Plutarch's Life of Alcibiades
Story, Text and Moralism
Publication Year: 2010
Published by: Leuven University Press
Title Page, Copyright
This book offers a running commentary on Plutarch’s Life of Alcibiades. The three words in the subtitle sum up the two premises upon which my analysis is based. The first is the distinction – fundamental to structuralist narratology – between a narrative text and the underlying story. ...
During the final years of the first and the early decades of the second century A.D., Plutarch of Chaeronea (ca A.D. 45-120) published a series of at least twenty-three pairs of biographies of Greek and Roman statesmen1. In the proem to Aemilius-Timoleon, Plutarch explains why he wrote these so-called Parallel Lives (Aem. 1.1-6):
1. The Proem (Alc. 1)
As is natural for the second Life of a Plutarchan pair, the Life of Alcibiades does not have a formal proem. Alc. 1, however, is an example of what Philip Stadter has called “informal proems”: Plutarch has adapted the biographical categories of ancestry (1.1), upbringing and education (1.2-3)1, ...
2. A Difficult Character (Alc. 2-9)
In the proem, we learnt that Alcibiades remained beautiful throughout his life “because of the natural goodness and excellence of his body”1. But what about his soul? Was he born with a good nature (φύσις) and did he develop a virtuous character (ἦθος)2? ...
3. The Ascent to Power (Alc. 10-15)
Alc. 10-15 deals with the first stage of Alcibiades’ political career. It begins with his first appearance before the Assembly (10.1-2) and ends with his foreign policy of the years 420-416 B.C. (14-15). In between, Plutarch discusses Alcibiades’ rhetoric (10.3-4), ...
4. A Thought-Provoking Transition (Alc. 16)
In many Lives, Plutarch suspends chronological narration at the height of his protagonist’s career (ἀκμή) to discuss the man’s character1. Although the events in Alc. 10-15 are not narrated in the historically correct order and Alcibiades’ first achievements as a general may not have constituted the absolute high point of his life, ...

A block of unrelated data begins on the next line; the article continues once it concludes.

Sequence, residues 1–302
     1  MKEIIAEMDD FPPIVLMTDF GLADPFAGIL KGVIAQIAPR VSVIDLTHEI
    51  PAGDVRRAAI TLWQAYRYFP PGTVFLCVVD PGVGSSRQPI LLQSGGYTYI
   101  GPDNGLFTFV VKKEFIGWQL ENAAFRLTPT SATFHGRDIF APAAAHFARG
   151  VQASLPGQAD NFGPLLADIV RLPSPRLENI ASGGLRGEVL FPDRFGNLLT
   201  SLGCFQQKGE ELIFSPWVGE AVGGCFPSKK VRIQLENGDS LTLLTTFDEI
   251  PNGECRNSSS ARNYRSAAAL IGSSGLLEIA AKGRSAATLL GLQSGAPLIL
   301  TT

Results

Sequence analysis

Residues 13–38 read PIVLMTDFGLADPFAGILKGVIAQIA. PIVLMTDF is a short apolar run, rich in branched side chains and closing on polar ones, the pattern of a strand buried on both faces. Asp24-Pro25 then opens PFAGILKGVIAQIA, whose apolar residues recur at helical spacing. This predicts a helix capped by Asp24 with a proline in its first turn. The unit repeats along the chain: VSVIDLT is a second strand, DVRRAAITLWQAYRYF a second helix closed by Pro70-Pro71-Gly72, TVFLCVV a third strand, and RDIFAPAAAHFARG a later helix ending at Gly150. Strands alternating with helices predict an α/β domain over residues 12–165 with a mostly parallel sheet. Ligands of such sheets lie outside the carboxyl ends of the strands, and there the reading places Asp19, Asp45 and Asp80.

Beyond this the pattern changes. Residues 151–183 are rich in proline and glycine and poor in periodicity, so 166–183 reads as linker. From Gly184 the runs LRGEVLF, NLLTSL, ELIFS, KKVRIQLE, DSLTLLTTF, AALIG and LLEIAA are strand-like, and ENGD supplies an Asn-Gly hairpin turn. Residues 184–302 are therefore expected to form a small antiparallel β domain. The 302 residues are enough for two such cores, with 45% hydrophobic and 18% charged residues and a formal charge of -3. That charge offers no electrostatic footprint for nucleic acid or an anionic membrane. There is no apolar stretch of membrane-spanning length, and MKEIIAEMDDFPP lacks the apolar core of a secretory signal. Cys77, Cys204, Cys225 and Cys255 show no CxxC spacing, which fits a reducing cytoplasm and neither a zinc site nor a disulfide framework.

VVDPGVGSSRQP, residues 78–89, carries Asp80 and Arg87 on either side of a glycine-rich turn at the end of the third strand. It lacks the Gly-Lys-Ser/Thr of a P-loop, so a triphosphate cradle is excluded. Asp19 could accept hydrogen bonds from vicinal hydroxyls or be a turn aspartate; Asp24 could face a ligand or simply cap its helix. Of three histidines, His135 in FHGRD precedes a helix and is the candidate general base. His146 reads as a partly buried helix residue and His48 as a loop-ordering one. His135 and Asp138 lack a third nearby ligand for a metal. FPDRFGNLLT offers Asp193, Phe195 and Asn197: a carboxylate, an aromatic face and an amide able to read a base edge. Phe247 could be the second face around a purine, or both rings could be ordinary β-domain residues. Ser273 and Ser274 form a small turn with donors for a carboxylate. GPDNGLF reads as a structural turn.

5. The Great Reversal (Alc. 17.1-23.3)
In Alc. 17.1-23.3, Plutarch tells us about the first major reversal in Alcibiades’ life. This important section is demarcated by the discussion of Alcibiades’ character and the Athenians’ reactions to his conduct in Alc. 16 on the one hand and Alc. 23.4-5, which deals with his exceptional adaptability, on the other1. ...
6. The Art of Adaptation (Alc. 23.4-5)
In Alc. 23.3, we read that Alcibiades brought the Spartans under his spell by adopting local customs. In Alc. 23.4-5, Plutarch expands on his protagonist’s talent to assimilate and adapt himself to the habits and lifestyles of the people around him. First, he claims that Alcibiades could change more abruptly than a chameleon (23.4) ...
7. From Sparta to Samos (Alc. 23.6-26.9)
In Alc. 23.6-26.9, Plutarch relates how Alcibiades fell out of favour with the Lacedaemonians and returned to the Athenian side. We can distinguish four phases: in the first, Alcibiades is still in Sparta (23.6); next, he embarks on a Spartan expedition to Ionia (24.2); from there, he flees to the court of Tissaphernes in Sardis (24.4); ...
8. Fighting His Way Back (Alc. 27-31)
Alc. 27-31 deals with the actions Alcibiades undertook in the Hellespont and the Propontis between the fall of the Four Hundred and his return to Athens. Most of the events reported in this section are posterior to the point where Thucydides’ History, the main source for the previous parts of our Life, breaks off. ...
9. At the Height of his Glory (Alc. 32-34)
Alc. 32.1-34.2 deals with Alcibiades’ return to Athens. This section of the Life can be compared with the accounts of Xenophon, Diodorus and Cornelius Nepos, who names Theopompus as one of his sources for his biography of Alcibiades (Alc. 11.1-2) and no doubt drew upon Ephorus too1. ...
10. A Tragic Downfall (Alc. 35-39)
In the last five chapters of his Life of Alcibiades, Plutarch describes Alcibiades’ final downfall. Three stages can be discerned. First, Alcibiades gradually falls into disfavour with the Athenians, so that he is eventually compelled to move to Thrace (35.1-36.5). ...
Although we cannot identify the source(s) behind each part of the Life of Alcibiades with certainty, it is clear that Plutarch drew upon a great number of works belonging to various genres. His most important source was Thucydides’ Histories. ...
Index of Plutarch Passages
Index of Passages in Other Authors
Page Count: 499
Publication Year: 2010
OCLC Number: 715171997
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